Asking Quotes (23 quotes)
A good many times I have been present at gatherings of people who, by the standards of the traditional culture, are thought highly educated and who have with considerable gusto been expressing their incredulity at the illiteracy of scientists. Once or twice I have been provoked and have asked the company how many of them could describe the Second Law of Thermodynamics. The response was cold: it was also negative. Yet I was asking something which is about the scientific equivalent of: Have you read a work of Shakespeare's?
But why, it has been asked, did you go there [the Antarctic]? Of what use to civilization can this lifeless continent be? ... [Earlier] expeditions contributed something to the accumulating knowledge of the Antarctic ... that helps us thrust back further the physical and spiritual shadows enfolding our terrestrial existence. Is it not true that one of the strongest and most continuously sustained impulses working in civilization is that which leads to discovery? As long as any part of the world remains obscure, the curiosity of man must draw him there, as the lodestone draws the mariner's needle, until he comprehends its secret.
Curiosity that inborn property of man, daughter of ignorance and mother of knowledge when wonder wakens our minds, has the habit, wherever it sees some extraordinary phenomenon of nature, a comet for example, a sun-dog, or a midday star, of asking straightway what it means.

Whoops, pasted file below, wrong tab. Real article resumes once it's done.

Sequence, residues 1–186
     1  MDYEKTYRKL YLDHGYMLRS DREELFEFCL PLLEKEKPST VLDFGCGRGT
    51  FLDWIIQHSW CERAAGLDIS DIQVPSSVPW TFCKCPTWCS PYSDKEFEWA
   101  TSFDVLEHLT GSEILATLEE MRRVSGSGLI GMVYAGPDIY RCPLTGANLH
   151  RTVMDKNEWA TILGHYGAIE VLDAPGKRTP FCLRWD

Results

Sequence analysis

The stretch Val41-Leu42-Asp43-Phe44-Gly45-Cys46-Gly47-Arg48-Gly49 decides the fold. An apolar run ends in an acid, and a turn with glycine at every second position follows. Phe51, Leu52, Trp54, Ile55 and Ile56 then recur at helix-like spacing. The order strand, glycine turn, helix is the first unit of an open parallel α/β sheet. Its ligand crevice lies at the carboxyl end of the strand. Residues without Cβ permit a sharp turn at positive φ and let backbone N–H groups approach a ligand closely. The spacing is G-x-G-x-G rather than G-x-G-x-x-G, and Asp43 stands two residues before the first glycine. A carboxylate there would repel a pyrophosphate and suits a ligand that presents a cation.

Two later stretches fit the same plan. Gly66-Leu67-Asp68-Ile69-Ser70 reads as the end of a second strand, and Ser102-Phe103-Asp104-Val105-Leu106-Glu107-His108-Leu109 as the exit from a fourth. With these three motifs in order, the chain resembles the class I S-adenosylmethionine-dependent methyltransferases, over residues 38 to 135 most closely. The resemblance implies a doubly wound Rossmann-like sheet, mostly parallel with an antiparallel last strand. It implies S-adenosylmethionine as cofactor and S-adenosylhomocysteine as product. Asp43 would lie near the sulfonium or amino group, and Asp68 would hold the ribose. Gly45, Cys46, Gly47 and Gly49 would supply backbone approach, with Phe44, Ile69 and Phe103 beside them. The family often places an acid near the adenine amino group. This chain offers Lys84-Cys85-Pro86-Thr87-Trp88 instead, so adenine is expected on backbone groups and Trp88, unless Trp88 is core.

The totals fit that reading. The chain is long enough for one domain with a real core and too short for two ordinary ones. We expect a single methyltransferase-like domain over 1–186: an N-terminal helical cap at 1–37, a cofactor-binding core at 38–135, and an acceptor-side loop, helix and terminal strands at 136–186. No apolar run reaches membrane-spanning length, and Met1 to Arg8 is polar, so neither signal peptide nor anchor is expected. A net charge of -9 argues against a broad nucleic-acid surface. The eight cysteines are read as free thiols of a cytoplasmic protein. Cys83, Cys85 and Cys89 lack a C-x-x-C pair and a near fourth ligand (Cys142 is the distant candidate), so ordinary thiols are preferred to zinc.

During the time that [Karl] Landsteiner gave me an education in the field of imununology, I discovered that he and I were thinking about the serologic problem in very different ways. He would ask, What do these experiments force us to believe about the nature of the world? I would ask, What is the most. simple and general picture of the world that we can formulate that is not ruled by these experiments? I realized that medical and biological investigators were not attacking their problems the same way that theoretical physicists do, the way I had been in the habit of doing.